How to Catch Kingfish in the Bay of Plenty with Andrew Padlie Whether you enjoy sitting in the lee of…
Whether you enjoy sitting in the lee of an island catching snapper, or you like pacing the ocean in search of yellowfin or marlin, it’s all the same. Fishing is fishing and the more of it you do the better you feel about yourself and the achievements accomplished with it. The waters off Tauranga, in the Bay of Plenty, cater for all types in the fishing community.
Most forms and styles of fishing are available in Tauranga. I am quite lucky to live only a few hundred metres from the water’s edge, where I can go and cast a few saltwater ﬂies into the harbour, and maybe entice a cruising kahawai into taking my offerings. So as you can gather, we are pretty lucky up here to have all this available on our doorstep.
The one thing I have noticed is that each person has a favourite form of fishing. Mine happens to be catching kingfish. I am going to tell you how we in Tauranga fish for different species in the Bay of Plenty region. I will be covering rigs, techniques, and finding the desired species. Seeing as kingfish are my favourite fish to catch, I will start with them. Tauranga Sport Fishing Club Inc
Now everyone knows that New Zealand is the best place to catch kingfish. The Bay of Plenty would be the kingfish capital of New Zealand, with areas like Mayor Island, Motiti Island and White Island holding large numbers of big kingfish. By big I mean BIG. A fish weighing 52kg caught on 15kg line in shallow water took the all-tackle world record, which is held at Motiti Island. This record was then equalled at White Island a few years later. There have been reports by some anglers who swear they have seen or lost fish bigger than this, and are willing to sacrifice parts of their anatomy to prove it. I think I will just take their word for it! There are several methods of catching kingfish, but the most important thing is finding them.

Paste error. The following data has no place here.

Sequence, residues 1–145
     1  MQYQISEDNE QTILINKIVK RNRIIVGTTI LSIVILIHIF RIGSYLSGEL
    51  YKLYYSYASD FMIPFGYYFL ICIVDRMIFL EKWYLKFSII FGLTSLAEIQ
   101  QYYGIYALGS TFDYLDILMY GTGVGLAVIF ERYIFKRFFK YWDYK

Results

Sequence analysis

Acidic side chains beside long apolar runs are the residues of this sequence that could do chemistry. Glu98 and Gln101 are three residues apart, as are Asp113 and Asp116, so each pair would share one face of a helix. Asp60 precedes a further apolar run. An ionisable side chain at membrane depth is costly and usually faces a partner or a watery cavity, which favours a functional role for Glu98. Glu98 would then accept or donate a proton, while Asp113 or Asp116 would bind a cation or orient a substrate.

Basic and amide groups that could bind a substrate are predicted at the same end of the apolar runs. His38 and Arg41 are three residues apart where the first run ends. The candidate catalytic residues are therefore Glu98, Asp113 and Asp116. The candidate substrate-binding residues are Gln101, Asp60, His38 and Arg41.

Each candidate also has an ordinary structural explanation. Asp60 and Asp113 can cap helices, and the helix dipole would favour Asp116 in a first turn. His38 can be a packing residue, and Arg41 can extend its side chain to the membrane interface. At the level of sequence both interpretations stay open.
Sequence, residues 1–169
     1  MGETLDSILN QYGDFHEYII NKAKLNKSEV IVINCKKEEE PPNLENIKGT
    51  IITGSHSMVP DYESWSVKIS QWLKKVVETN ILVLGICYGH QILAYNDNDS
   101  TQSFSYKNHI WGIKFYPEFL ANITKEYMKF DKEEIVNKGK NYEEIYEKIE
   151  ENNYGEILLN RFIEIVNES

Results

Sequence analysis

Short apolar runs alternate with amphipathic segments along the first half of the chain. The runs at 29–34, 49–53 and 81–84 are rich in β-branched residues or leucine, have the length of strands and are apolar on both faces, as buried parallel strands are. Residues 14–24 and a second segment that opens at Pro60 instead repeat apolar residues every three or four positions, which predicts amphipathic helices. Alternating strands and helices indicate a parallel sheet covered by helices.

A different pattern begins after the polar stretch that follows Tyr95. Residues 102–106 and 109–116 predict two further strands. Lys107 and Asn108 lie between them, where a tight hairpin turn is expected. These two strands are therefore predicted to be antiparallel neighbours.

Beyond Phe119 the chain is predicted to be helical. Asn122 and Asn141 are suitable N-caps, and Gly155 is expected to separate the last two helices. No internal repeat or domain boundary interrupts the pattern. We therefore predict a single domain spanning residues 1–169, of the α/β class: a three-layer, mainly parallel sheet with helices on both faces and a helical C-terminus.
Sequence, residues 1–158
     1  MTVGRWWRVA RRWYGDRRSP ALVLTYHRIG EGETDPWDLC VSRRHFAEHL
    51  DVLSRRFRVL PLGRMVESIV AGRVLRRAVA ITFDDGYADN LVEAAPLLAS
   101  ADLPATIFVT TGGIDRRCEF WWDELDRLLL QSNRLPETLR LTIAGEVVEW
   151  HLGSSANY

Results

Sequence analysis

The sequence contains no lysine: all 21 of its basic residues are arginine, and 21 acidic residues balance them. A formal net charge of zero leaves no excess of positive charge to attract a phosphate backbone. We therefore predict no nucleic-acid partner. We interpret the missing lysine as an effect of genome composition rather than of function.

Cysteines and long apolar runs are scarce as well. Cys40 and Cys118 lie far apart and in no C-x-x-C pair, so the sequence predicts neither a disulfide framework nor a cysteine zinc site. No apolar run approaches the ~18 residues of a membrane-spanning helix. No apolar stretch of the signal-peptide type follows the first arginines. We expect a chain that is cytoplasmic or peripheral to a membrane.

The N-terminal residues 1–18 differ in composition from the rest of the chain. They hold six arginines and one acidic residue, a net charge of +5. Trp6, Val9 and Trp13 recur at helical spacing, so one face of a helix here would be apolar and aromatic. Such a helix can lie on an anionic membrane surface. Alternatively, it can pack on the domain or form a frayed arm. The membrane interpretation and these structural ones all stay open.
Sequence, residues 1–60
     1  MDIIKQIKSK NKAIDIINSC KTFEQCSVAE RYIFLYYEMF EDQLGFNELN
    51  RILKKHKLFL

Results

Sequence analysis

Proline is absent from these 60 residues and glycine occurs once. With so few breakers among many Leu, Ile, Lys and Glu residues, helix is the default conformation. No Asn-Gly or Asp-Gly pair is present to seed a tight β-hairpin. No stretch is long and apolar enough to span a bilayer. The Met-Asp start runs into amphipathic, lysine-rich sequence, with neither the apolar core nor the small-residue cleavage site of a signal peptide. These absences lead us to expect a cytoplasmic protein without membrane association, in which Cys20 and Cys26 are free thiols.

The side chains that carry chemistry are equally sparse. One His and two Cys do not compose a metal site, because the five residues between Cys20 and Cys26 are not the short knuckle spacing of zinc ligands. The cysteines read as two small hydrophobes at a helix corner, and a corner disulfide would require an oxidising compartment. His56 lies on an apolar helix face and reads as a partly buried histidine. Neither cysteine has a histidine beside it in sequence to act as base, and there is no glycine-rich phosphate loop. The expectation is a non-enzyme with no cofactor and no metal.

Kingfish love rocks and kelp under water. The reason is that little fish hang around structures under water. These small fish rely on the protection of these structures to hide from predators, so if you get an offshore structure such as a reef, add a bit of baitfish, then you should have the recipe for kingfish. Current also is very important to kingfish and their feeding cycle. Baitfish move with the currents looking for food and usually hold in an area when they find food or protection. That is why wharves in most harbours have kingfish about at certain times of the tide.
Once again the wharf is another structure, so you can see how the cycle works. Kingfish can be found almost anywhere as long as there is food for them. Another important key is local knowledge of the area you are fishing. This can often be hard to obtain, but I have found most sports stores are more than willing to help.
Live baiting is the most proven method for catching kingfish. A kingfish just cannot resist live bait swimming around waiting for it. There are many forms of live baiting, but two methods are most commonly used around here. During the summer months, kingfish spend most of their time in the shallower water. The rig we use is relatively basic but very effective.
First, we tie a short length of 2kg nylon to the top eye of the swivel. On the end of the swivel, we tie a small snap swivel which we then connect to the balloon. This stops the balloon from tangling around the main line. The trace we use is 5 metres of 400lb mono with an 11/0 hook crimped to it. If you are wondering why we use such a heavy trace, it is because while targeting kingfish the odd marlin has been hooked, and it’s better to be safe than sorry when the big one gets on. The good thing about it is that it doesn’t seem to bother the kingfish.
During the winter months, the exact same rig is used, but 200 lb mono and a 7/0 hook replace the heavier terminal tackle used in the summer. Sometimes a shorter trace is used, but I don’t think it makes much of a difference as to how long it is. The only reason for the length is the chance of a marlin during the summer months.
During winter most kingfish head into the deeper water. In deep water, the rig used is weighted to get the live bait to the desired depth where the kingfish are. The amount of weight required varies from location to location. One spot could have a lot of current, requiring more weight to get down to the fish. The rig I use is again very simple, a 1.5-metre trace of 200 lb mono with an 8/0 hook tied and not crimped, with a ball bearing swivel on the other end. I then tie a 2 – 3 metre double using a spider stitch and then thread the required amount of weight on. The double adds a bit of protection from the sinkers as they slide up and down the mainline.